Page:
Solid implementation plans for the government's infrastructural development programme and the state's ability to fully spend its budgetary allocations will be in sharp focus when Finance Minister Pravin Gordhan delivers his budget at midday in Parliament on Wednesday.
Besides tax and forecast revisions the minister was predicted to unveil, an update on the progress of the government’s R845-billion infrastructure investment drive was expected by both analysts and opposition parties.
The plan – which was first announced in President Jacob Zuma's 2012 State of the Nation address – has yet to deliver tangible results for the country's infrastructure.
While government updates indicate the plan is making progress, the on-the-ground impression by construction companies illustrated a continual slow rollout of infrastructure spend.
For instance, the latest data from the South African Reserve Bank’s Quarterly Bulletin reported that government spending increased dramatically. But this was disputed by many construction and production companies, who claimed they were being forced to turn their attention outside of South Africa.
"We would like Gordhan to firmly assert the government's commitment to putting resources down on the productive side of the economy in his budget speech," said Coenraad Bezuidenhout, executive director of the Manufacturing Circle.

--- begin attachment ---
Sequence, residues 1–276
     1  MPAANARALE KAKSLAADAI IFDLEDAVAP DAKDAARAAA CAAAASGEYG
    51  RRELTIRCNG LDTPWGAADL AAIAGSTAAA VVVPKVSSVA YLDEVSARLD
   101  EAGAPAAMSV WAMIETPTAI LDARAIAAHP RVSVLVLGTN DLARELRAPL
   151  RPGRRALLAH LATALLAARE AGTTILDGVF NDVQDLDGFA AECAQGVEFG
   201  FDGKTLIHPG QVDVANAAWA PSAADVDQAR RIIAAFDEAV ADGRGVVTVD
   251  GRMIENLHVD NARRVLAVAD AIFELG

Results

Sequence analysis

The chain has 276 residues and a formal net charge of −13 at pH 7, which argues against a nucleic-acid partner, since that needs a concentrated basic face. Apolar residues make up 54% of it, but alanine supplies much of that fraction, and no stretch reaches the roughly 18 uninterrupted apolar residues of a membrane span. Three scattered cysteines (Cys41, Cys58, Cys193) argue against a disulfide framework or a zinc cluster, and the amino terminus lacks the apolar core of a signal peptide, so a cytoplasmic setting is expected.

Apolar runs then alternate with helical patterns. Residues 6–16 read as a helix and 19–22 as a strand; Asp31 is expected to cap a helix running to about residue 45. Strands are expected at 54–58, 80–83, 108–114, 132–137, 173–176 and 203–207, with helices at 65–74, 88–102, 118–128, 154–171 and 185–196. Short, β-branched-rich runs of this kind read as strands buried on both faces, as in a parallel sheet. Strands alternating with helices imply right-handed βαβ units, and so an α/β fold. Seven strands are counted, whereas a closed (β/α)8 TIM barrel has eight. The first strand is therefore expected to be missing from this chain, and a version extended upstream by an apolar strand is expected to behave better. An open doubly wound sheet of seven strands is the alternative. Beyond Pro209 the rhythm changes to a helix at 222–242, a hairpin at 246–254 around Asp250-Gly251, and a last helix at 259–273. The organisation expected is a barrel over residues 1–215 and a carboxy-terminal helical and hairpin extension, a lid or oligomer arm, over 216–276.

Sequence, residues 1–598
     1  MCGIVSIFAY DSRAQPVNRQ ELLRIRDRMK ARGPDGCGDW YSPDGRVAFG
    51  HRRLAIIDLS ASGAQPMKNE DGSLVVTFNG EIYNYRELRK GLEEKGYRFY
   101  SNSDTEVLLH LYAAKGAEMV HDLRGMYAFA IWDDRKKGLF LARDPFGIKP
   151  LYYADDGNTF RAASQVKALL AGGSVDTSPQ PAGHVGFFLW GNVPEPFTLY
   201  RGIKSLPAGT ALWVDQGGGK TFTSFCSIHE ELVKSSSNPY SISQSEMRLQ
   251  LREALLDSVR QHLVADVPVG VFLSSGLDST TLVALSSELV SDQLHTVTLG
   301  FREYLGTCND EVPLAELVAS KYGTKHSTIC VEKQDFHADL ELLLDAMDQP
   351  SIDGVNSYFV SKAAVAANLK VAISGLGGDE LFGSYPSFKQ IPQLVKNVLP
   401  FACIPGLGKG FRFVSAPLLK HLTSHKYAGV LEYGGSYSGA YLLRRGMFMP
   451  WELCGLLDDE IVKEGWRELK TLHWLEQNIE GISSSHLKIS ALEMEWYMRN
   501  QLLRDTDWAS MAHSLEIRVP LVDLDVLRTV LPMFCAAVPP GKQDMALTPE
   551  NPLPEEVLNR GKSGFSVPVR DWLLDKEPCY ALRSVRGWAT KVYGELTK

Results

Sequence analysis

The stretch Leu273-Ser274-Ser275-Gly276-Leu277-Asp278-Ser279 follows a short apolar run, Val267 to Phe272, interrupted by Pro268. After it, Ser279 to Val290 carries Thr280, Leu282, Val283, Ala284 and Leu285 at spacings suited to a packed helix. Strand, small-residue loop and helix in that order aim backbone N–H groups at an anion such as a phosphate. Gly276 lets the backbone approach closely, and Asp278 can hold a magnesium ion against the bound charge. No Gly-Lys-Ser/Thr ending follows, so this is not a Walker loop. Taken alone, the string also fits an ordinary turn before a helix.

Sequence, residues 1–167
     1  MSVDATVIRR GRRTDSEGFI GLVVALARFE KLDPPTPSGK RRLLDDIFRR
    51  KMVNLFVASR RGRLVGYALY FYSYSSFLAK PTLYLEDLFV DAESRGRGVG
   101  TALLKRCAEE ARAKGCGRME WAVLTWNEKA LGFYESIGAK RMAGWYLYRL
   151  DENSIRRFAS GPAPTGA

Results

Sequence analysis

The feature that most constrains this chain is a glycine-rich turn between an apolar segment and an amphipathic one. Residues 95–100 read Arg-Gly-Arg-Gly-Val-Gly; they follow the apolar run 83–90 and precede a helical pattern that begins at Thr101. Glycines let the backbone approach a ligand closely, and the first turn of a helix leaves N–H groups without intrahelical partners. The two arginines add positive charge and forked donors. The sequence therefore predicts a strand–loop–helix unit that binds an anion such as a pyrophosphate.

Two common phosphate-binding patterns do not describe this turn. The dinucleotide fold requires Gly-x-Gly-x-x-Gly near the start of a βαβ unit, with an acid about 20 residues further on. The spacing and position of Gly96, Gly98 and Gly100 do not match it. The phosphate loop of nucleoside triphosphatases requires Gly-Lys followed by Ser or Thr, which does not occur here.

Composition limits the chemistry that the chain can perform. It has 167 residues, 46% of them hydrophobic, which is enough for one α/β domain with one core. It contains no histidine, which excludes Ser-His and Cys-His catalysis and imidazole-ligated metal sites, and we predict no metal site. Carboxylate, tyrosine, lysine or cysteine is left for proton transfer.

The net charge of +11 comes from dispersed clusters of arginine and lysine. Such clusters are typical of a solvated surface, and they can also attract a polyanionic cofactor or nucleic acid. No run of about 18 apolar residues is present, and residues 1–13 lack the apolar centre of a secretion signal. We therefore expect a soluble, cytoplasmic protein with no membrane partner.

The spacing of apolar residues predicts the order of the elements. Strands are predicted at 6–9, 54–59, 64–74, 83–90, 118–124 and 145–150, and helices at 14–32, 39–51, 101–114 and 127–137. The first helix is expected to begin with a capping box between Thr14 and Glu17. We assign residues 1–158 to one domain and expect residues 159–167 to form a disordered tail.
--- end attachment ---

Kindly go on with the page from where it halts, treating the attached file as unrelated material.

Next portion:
According to the department of public works, government struggled to invest adequately on infrastructure, leading to an estimated backlog of R1.5-trillion.
"We have supported this government's infrastructure programme as an effort to roll back this backlog, but our research shows that there has been an average underspend of 22% on infrastructure in the past four years," said Democratic Alliance spokesperson for finance Tim Harris.
Harris said issues related to inadequate infrastructure spend were directly related to government and parastatals' inability to adequately utilise their budgets. In 2010 parastatals only spent 60% of their infrastructure budgets, according to treasury data.
"This year we hope the finance minister tables reforms to improve the quality of spending by government and the parastatals," said Harris.
Harris's comments were mirrored by Adenaan Hardien, senior economist at Cadiz Investment Solutions. "It is one thing for government to say they will spend massive amounts of money but to actually put your hands in your pockets and do so is another thing," Hardien said.
Hardien said the country's economic growth was being inhibited by slow infrastructure spend and inability to spend money where allocated to do so.
"A key for growth in South Africa has been government's spending through investment and this would only be further driven by solid infrastructural spending," he added.